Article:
Where it differs is that it does not start out with the end result in mind. With GROW the first step is always to decide what you want is the end result both to solve the problem and for the session. With SCAN there is a more open agenda which is more about exploring the issues.

I have to say I prefer GROW in this respect because there is a big danger in problem solving that if you do not define in the first instance what you want is an end result you can head off in a lot of wrong directions.

In addition with SCAN there is no specific part of the process which addresses what obstacles there might be to potential solutions. This means that any ideas or action steps that might come out of the process could flounder if the obstacles have not been thought out and addressed.

Where I think SCAN could have an advantage over GROW, is a section where students are asked to think of an issue from another person’s perspective. I think this is very good training in a number of ways. Not only does it help with mental agility but it could also bring to light solutions which would not be developed otherwise. GROW comes a little close to this in the options section where the client is asked to consider how another person, who could solve this issue well, would go about it.

So they are not exactly the same and perhaps are designed for slightly different purposes. I would certainly like at some stage to produce a free version of CoachMaster my online coach training tool which uses GROW for the use of school students.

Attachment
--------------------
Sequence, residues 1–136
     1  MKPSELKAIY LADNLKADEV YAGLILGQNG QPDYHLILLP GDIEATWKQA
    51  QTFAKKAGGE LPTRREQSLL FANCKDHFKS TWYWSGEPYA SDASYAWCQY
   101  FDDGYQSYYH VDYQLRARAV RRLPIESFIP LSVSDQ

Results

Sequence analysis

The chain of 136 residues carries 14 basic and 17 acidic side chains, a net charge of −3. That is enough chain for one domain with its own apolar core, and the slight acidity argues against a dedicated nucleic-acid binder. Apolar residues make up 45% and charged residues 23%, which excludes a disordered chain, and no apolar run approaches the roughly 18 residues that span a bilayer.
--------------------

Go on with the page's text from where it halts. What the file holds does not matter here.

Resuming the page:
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Why we can’t do GROW for ourselves

In this blog I would like to talk about why it is so difficult for most people to apply GROW for themselves. But it is easier to apply it when working with someone else on their problem.

GROW is a ruthlessly logical process and it acts like a scalpel when you apply it to problems and challenges.

Given it is so effective and will almost always make a difference when applied with a certain level of skill to many problems and challenges why don’t more people actually use it more on their own problems?

The reason is that our minds are very complex and we create most problems because it suits us in some way to have these things as problems. That might sound a somewhat arrogant and uncaring statement so let me say more about what I mean.

The reasons we find certain issues problems is that we each have our own map of the world and which is very real to us. So if I have a big fear of confrontation that is part of my map of the world. It is real to me. I don’t like it when a situation looks like it will become a confrontation. If one comes along I will experience not like it and probably be unable to deal with it. Or possibly deal with it badly or avoid it.

Now for someone else who was brought up with the belief that confrontation was just part of life and not something to be feared such a situation may well not be seen as a problem. Possibly they would even enjoy it. So my problem simply does not exist for them.

The significance of this when helping someone with GROW is that we are trying to do two things when we use GROW on our own problems. We are on the one hand trying to solve the problem but on the other hand trying to avoid, at some level, the original issue which made it a problem in the first place.

Now another person generally does not share our map of the world. They have their own which is just as real to them as our is to us. But it is different. So as long as their map is a bit different to ours (I think if they were exactly the same it would not work!) we can help the other person because we are focusing on the problem and not trying to avoid their issue at the same time.